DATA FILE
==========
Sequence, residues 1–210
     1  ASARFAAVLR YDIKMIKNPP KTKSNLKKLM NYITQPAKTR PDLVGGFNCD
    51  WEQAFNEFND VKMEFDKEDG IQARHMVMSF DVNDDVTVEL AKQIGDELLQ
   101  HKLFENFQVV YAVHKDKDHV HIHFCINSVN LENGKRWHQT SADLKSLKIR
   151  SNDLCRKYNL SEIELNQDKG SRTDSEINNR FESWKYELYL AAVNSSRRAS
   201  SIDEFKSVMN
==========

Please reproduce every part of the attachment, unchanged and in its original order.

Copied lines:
Sequence, residues 1–210
     1  ASARFAAVLR YDIKMIKNPP KTKSNLKKLM NYITQPAKTR PDLVGGFNCD
    51  WEQAFNEFND VKMEFDKEDG IQARHMVMSF DVNDDVTVEL AKQIGDELLQ
   101  HKLFENFQVV YAVHKDKDHV HIHFCINSVN LENGKRWHQT SADLKSLKIR
   151  SNDLCRKYNL SEIELNQDKG SRTDSEINNR FESWKYELYL AAVNSSRRAS
   201  SIDEFKSVMN